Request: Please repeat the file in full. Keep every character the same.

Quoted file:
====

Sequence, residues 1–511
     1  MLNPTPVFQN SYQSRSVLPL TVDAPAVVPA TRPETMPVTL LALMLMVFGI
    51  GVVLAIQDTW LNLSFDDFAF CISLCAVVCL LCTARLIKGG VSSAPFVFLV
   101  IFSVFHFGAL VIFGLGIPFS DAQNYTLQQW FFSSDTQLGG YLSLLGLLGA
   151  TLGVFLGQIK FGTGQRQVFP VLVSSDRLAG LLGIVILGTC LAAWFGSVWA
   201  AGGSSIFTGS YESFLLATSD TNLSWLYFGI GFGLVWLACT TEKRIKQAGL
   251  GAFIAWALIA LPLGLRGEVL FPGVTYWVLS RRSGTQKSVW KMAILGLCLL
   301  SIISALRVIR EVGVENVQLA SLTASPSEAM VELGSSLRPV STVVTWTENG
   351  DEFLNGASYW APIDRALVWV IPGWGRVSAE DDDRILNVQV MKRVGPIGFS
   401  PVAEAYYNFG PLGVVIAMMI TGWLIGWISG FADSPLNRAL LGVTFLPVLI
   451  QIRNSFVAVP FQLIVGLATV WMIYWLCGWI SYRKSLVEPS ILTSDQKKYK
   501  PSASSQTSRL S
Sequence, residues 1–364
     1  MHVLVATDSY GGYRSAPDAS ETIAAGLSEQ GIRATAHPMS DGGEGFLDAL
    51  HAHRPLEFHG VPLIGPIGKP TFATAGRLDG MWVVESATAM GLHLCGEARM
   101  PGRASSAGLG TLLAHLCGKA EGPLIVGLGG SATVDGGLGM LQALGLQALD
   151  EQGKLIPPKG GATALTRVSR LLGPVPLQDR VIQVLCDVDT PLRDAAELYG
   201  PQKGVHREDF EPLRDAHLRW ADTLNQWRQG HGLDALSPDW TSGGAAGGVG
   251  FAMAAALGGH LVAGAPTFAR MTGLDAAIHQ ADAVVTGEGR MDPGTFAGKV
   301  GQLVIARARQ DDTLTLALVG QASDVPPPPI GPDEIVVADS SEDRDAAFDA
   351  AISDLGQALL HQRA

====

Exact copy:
Sequence, residues 1–511
     1  MLNPTPVFQN SYQSRSVLPL TVDAPAVVPA TRPETMPVTL LALMLMVFGI
    51  GVVLAIQDTW LNLSFDDFAF CISLCAVVCL LCTARLIKGG VSSAPFVFLV
   101  IFSVFHFGAL VIFGLGIPFS DAQNYTLQQW FFSSDTQLGG YLSLLGLLGA
   151  TLGVFLGQIK FGTGQRQVFP VLVSSDRLAG LLGIVILGTC LAAWFGSVWA
   201  AGGSSIFTGS YESFLLATSD TNLSWLYFGI GFGLVWLACT TEKRIKQAGL
   251  GAFIAWALIA LPLGLRGEVL FPGVTYWVLS RRSGTQKSVW KMAILGLCLL
   301  SIISALRVIR EVGVENVQLA SLTASPSEAM VELGSSLRPV STVVTWTENG
   351  DEFLNGASYW APIDRALVWV IPGWGRVSAE DDDRILNVQV MKRVGPIGFS
   401  PVAEAYYNFG PLGVVIAMMI TGWLIGWISG FADSPLNRAL LGVTFLPVLI
   451  QIRNSFVAVP FQLIVGLATV WMIYWLCGWI SYRKSLVEPS ILTSDQKKYK
   501  PSASSQTSRL S
Sequence, residues 1–364
     1  MHVLVATDSY GGYRSAPDAS ETIAAGLSEQ GIRATAHPMS DGGEGFLDAL
    51  HAHRPLEFHG VPLIGPIGKP TFATAGRLDG MWVVESATAM GLHLCGEARM
   101  PGRASSAGLG TLLAHLCGKA EGPLIVGLGG SATVDGGLGM LQALGLQALD
   151  EQGKLIPPKG GATALTRVSR LLGPVPLQDR VIQVLCDVDT PLRDAAELYG
   201  PQKGVHREDF EPLRDAHLRW ADTLNQWRQG HGLDALSPDW TSGGAAGGVG
   251  FAMAAALGGH LVAGAPTFAR MTGLDAAIHQ ADAVVTGEGR MDPGTFAGKV
   301  GQLVIARARQ DDTLTLALVG QASDVPPPPI GPDEIVVADS SEDRDAAFDA
   351  AISDLGQALL HQRA